Hip Hop at the Contemporary Stage
With the rise of ’90s gangsta rap, pioneered by the likes of Tupac and NWA, the genre succeeded punk as the de-facto platform for anti-establishment commentary. At the turn of the century, it was anticipated that such success and critique would translate and continue to flourish. However, this was not the case. What seemed like out of nowhere, hip-hop appeared to have lost its direction and faced somewhat of an existential crisis. The rise of commercialization, commodification and consumerist behavior had critically endangered the anti-establishment foundations that the genre was built on. It went through a radical metamorphosis; the topics of commentary drastically changed from political and socioeconomic issues to topics on materialistic boasting, sex, and drug abuse. In essence, hip-hop artists decided to do away with the genre’s political consciousness.
Criticisms against contemporary hip-hop are undoubtedly sound, although what this reveals is that despite neglecting its roots, this shift reflects various structural and existing problems that have plagued the establishment. Commercialisation, as well as commodification, has fostered a new generation of artists such as Lil Yachty, Lil Pump and Chief Keef, more commonly referred to as “mumble rappers” who focus on following popular trends in order to increase their profit along with fame. The repercussions are monumental for the diversity (or lack thereof) of the genre. In a 2015 interview, Snoop Dogg shed light on this issue and argued that contemporary hip-hop artists are sonically identical. For instance, Cardi B’s flow on “Bodak Yellow” is identical to Kodak Black’s on “No Flockin.” Every track on Lil Pump’s self-titled debut mixtape is virtually the same, especially in subject matter and flow. In retrospect to the 80s and 90s, each artist developed their own specific and unique music style that sonically contributed to the genre. Unfortunately, this contemporary tendency of bandwagoning has hampered artistic experimentation as a whole and created a linear, repetitive path for upcoming artists to follow.
Today, mumble rap dominates the rap industry. However, this does not mean that hip-hop has lost its foundations and original identity entirely. The recent cases of police brutality against the black population and people of colour, such as the Michael Brown and Charleena Lyles cases, have reignited the spark for artists to return to the socio-political roots of hip-hop and reawaken its political consciousness. Artists such as Kendrick Lamar, J Cole and Joey Bada$$ have been the spearheads of this revival. Kendrick Lamar’s To Pimp a Butterfly was a cultural milestone that featured commentaries on topics such as black empowerment, social injustices, and individualist wisdom; reflecting that political consciousness in the genre is alive and well.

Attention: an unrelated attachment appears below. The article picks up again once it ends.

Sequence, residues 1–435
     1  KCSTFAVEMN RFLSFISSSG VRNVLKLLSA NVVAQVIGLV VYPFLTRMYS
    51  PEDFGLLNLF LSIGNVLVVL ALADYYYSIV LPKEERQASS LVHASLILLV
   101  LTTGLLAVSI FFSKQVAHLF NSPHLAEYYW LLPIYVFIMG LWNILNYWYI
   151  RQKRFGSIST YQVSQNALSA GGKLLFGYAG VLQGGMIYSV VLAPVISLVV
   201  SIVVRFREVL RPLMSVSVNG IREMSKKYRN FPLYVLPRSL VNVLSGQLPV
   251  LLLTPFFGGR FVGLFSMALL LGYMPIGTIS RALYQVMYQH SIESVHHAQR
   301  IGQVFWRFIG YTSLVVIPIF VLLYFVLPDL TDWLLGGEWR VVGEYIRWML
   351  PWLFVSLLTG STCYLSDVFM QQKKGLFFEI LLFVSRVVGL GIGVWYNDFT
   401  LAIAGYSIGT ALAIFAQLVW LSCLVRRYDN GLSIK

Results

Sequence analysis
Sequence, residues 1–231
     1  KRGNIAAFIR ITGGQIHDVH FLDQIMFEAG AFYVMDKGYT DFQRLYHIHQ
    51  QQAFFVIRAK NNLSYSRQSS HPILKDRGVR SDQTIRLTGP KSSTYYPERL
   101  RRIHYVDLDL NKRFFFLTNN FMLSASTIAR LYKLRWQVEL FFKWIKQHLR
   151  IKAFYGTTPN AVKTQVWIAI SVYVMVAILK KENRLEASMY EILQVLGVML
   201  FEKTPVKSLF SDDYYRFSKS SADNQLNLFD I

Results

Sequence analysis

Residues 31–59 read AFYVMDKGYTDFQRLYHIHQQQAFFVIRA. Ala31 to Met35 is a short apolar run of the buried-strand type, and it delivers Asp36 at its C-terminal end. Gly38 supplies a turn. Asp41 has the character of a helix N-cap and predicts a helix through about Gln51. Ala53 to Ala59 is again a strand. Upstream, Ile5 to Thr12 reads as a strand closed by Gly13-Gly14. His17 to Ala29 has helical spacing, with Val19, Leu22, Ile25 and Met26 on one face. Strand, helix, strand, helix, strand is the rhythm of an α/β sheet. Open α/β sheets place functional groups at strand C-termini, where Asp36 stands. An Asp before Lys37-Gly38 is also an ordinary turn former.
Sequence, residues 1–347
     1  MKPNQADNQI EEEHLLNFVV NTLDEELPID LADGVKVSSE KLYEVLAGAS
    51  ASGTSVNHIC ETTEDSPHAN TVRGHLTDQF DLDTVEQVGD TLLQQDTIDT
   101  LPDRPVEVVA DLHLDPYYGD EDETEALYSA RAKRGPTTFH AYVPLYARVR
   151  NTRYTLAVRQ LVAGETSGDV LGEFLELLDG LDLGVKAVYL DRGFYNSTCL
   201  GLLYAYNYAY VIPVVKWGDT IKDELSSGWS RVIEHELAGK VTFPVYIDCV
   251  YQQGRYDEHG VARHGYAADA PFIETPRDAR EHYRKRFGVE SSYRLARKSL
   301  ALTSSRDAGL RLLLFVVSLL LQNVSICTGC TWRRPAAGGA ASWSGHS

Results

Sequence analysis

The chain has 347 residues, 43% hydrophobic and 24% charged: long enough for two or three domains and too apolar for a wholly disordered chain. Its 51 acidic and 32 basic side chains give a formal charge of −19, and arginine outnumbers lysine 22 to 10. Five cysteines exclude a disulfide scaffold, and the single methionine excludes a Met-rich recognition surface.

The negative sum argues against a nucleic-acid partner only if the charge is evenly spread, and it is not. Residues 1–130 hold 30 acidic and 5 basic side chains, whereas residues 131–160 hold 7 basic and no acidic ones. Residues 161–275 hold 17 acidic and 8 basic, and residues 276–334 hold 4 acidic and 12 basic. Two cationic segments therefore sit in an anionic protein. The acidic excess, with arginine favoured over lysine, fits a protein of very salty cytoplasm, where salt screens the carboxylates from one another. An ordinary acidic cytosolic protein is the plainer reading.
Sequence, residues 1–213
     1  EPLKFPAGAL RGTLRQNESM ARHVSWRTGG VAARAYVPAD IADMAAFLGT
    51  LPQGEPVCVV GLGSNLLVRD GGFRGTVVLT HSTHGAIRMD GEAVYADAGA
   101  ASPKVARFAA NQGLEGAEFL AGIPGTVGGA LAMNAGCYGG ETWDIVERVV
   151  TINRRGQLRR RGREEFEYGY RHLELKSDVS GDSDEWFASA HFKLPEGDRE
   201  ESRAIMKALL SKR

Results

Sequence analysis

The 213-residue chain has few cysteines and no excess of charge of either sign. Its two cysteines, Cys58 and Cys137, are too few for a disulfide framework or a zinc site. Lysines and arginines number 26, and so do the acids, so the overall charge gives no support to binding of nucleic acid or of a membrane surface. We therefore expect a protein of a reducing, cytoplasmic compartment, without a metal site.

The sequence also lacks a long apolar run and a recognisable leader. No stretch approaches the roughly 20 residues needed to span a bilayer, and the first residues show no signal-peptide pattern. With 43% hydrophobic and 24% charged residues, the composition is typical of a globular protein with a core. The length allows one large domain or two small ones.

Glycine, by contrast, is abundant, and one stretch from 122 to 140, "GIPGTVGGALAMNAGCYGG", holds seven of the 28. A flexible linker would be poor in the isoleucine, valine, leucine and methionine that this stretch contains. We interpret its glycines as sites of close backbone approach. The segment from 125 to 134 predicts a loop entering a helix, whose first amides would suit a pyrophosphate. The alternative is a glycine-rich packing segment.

In “Hood Politics”, Kendrick vividly depicts the harsh realities and experiences from growing up in the “hood” environment. For instance, in the chorus, Kendrick spills out “boo boo” in an attempt to portray the tense and highly violent politics between neighbours living in the hood. This imagery is further sharpened by his metaphorical use of “deuce deuce” which references to a .22 caliber gun to elucidate the fast escalation of tensions in the hood. At the same time, he also conveys that this draconian atmosphere has been a cross-generational conundrum; preceding rappers, including himself, were brought up in a contentious and detrimental atmosphere. Kendrick also jumps into the police brutality discussion and points out that “the LAPD gramblin, scarmblin, football numbers slanderin” to depict the unnecessary shootings of African Americans. Besides police brutality, Kendrick illustrates the contradictions and irony that plagues the White House administration, specifically “red states versus a blue state, which one you governin’?“. This is a reference to Jess Ventura’s DemoCRIPS and ReBLOODlicans: No More Gangs in Government novel that highlights how politicians are corrupted by corporate incentives. As a consequence, this destroys the fairness of legislative, electoral processes and divides the government into separate blocs; each pursuing their own respective interests instead of the people’s. Kendrick provides a similar argument with a slight twist; instead, the administration’s negative perception and portrayal of African American communities have been hypocritically responsible for the distribution of drugs and dividing the people into separate contentious blocs.
Meanwhile, in Kendrick Lamar’s recent album, DAMN., he continues to build on the success and commentaries that To Pimp a Butterfly explored. In “Element”, he alludes to photographs and other works by Gordon Parks, a prominent photojournalist who documented the socioeconomic situation of African Americans during the mid 20th century. In doing so, Lamar attempts to portray the lives and experiences that they face, similar to Parks. On the other hand, he also questions the contemporary status of mumble rappers when the “last LP I tried to lift the black artists/ but it’s a difference between black artists and wack artists.” He openly criticises how contemporary artists have focused on seeking approval and success from following trends instead of being themselves, to remind artists that Hip Hop consists of finding and developing your own voice and music style.
Besides the perpetual issues of police brutality, socio-economic difficulties and corrupt government officials, the ushering-in of Trump’s administration has further fuelled the genre to provide more substance and commentaries on political and social conundrums. In reaction to Trump’s inauguration, artists have criticised his lack of experience in government administration and mocked his irrational, discriminatory and contradictory policies. For instance, Joey Bada$$’s Land of the Free explores the contradictory and structural implications in America, a direct paradox set against the title of the track. He makes a clear statement against Trump, who “is not equipped to take this country over”. On the other hand, he highlights how Trump’s administration has made no substantive effort to improve nor address the institutionalised problem of racism. As a consequence, this lack of concern has made discrimination as well as hate speech possible against minority groups, a “full house on my hands, the cards was dealt/ three k’s, two a’s in Amerikkka”.
Despite the resurgence of hip-hop’s political consciousness, consumerism and commercialism have limited the genre towards the latest trends to secure profit and fame. As a consequence, the new generation of artists has followed a linear path instead of diversifying and constructing their own unique style and identity. Contemporary hip-hop was not what it once was during its ‘Golden Age’, but this does not mean that it cannot return back to its glory days.
Edited by Sarie Khalid